Mattia Binotto gives ‘straight answer’ to Nico Rosberg’s demand for heads to roll

Carlos Sainz's race was ruined by a slow stop on Sunday.

Ferrari team principal, Mattia Binotto, has affirmed that no changes are needed at the Scuderia after more calamities at the Dutch Grand Prix.

Strategic mistakes have long been a theme of the Scuderia, and Sebastian Vettel ended up acting as a strategist and a driver all at once as he tried to bring home the championship in red.

This year, Carlos Sainz and Charles Leclerc have been victims of errors from the Italian side, which have affected them in Monaco, Silverstone, Budapest, Spa and now Zandvoort.

Sainz had started third behind Max Verstappen and Leclerc in the Netherlands, but he lost that spot when he came into the pits following an extremely late call.

READ: Is Ferrari cursing itself for 2022 Italian Grand Prix?

Ferrari had been worried about Sir Lewis Hamilton trying the undercut behind them, but such was the lateness of the decision, that one of the mechanics ended up in the wrong part of the pit box.

They then had to get themselves and the tyre back through the crowd of bodies to make their way round to the left rear of the car.

The tyre finally arrived, but the stop had taken nearly half a minute, and Sainz’s race had been massively compromised.

A late Safety Car enabled Sainz to climb above Sergio Perez in the order, but he had already been penalised for an unsafe release, when he had to slow down to avoid the McLaren mechanics, as they were working on Lando Norris’ car in the tight pit lane.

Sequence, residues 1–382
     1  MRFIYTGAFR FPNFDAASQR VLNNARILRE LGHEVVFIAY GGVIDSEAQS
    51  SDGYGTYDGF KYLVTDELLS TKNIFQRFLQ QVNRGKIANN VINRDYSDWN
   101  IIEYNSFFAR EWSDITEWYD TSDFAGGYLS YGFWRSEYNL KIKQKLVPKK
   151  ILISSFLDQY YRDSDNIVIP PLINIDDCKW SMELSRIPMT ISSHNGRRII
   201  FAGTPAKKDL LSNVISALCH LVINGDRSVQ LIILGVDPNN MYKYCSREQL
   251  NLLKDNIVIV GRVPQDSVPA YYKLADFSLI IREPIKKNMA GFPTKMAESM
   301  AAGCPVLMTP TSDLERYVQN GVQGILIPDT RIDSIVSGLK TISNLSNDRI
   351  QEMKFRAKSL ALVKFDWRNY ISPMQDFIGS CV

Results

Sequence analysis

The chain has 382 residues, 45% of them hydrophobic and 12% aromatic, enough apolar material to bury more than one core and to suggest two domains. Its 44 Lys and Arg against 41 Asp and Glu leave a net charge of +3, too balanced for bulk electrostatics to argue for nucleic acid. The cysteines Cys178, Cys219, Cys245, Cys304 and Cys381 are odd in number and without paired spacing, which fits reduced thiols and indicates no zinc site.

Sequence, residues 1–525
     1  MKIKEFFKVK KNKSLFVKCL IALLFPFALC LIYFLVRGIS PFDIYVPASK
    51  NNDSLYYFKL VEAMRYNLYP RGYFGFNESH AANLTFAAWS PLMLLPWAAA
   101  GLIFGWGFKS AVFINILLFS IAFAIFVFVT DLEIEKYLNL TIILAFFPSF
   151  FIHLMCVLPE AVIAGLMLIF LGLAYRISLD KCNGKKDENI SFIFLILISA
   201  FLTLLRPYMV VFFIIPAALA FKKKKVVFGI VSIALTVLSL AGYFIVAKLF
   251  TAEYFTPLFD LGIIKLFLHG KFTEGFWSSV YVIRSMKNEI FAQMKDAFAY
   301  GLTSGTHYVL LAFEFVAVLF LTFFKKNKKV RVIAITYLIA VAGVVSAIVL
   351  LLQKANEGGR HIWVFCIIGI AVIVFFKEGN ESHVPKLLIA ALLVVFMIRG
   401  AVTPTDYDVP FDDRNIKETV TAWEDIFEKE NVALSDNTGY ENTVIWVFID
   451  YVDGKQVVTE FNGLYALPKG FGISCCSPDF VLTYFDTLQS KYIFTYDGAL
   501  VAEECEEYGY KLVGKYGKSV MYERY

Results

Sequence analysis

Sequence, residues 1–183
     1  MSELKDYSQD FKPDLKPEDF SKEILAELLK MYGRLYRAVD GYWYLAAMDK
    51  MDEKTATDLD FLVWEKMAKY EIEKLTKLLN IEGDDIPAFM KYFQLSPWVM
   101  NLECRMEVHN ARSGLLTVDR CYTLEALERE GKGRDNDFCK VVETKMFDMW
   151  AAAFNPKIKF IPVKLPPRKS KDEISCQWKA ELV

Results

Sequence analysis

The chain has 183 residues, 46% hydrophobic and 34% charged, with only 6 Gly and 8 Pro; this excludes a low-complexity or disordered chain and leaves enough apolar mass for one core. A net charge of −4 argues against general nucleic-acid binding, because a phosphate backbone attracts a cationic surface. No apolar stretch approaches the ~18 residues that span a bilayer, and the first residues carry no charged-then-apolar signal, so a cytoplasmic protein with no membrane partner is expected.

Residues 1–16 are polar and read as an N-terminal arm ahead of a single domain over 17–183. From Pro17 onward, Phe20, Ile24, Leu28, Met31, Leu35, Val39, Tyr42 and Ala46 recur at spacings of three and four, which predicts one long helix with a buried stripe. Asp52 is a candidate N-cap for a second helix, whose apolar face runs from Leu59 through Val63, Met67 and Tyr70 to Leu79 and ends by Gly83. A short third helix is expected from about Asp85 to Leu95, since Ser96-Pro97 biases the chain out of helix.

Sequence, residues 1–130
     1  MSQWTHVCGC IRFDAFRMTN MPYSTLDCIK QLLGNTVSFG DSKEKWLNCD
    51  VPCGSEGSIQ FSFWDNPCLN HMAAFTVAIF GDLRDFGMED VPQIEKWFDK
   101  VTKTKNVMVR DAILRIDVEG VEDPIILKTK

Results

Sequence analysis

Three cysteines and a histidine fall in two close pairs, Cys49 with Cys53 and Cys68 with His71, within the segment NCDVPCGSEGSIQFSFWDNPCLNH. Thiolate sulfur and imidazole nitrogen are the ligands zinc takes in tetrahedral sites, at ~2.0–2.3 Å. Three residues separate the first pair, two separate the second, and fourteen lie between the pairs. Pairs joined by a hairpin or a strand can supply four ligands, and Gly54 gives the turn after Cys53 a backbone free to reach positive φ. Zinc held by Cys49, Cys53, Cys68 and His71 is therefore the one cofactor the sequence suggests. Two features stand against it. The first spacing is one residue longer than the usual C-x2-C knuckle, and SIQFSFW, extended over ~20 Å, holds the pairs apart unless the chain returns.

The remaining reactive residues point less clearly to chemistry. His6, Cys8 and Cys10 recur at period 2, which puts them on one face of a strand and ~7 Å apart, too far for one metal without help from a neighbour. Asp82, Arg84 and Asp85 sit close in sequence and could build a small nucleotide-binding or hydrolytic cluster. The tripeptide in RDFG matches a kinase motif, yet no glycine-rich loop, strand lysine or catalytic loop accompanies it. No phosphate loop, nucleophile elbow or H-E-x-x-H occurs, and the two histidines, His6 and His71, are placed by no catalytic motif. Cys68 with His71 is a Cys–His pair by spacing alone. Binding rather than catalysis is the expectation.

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That took him into the path of Fernando Alonso, earning him a five-second penalty, which summed up what had been a rough afternoon for Sainz.

There was some silver lining after he had eventually finished eighth on the timing screens though – he had passed Esteban Ocon going into a yellow flag zone when Valtteri Bottas’ Alfa Romeo came to a halt, but the 27-year-old had his nose in front by the time they reached the first yellow, so he avoided a penalty.

Nonetheless, following so many strategic mistakes and reliability failures that have been costly to both drivers, Nico Rosberg suggested that changes were needed at Ferrari.

Binotto rebuked this, and stood by his team during another difficult moment for the Maranello-based squad.

“We will not change people, that’s a straight answer to Rosberg,” he affirmed.

“What is more important is simply the stability and making sure you’re improving race by race, we have a great team, I have no doubt about that.”

Sainz bemoaned his mightily unfortunate day after the race, but argued that his unsafe release penalty was unjustified.

“It was a mess,” conceded the Spaniard in the media pen.

“The whole race, [we were] in trouble, first with the confusing pit stop that we had, then with the yellow flag that I think I saved myself by very little margins.

“And then, the unsafe release that wasn’t an unsafe release, I was launched into the pit lane correctly.

“The problem is I had to brake to not take a McLaren guy out of his life and, because of taking avoiding action, they give you a penalty.

“I find this very frustrating, and I’m going to go and speak with the FIA now, because I don’t understand it.”

The 27-year-old identified that Ferrari’s race pace is where they are lacking compared to Red Bull – particularly Max Verstappen, who took his 10th win of the season last weekend.

“It’s race pace where we are missing,” explained Sainz.

“I am not happy with how the car felt in the race, it was super tricky to drive.

READ: Mattia Binotto fires back at Nico Rosberg’s demand

“We were always fighting he rear a lot, and [there was] a lot of overheating, and [I want] to find why the car in the race is not as strong as in quali.”

Ferrari are now 135 points adrift of Red Bull in the constructors’ Standings and.

Following George Russell’s P2 finish in Zandvoort ahead of Leclerc while Hamilton ended up fourth, Mercedes have closed the gap to the Scuderia back to 30 points in the battle for second.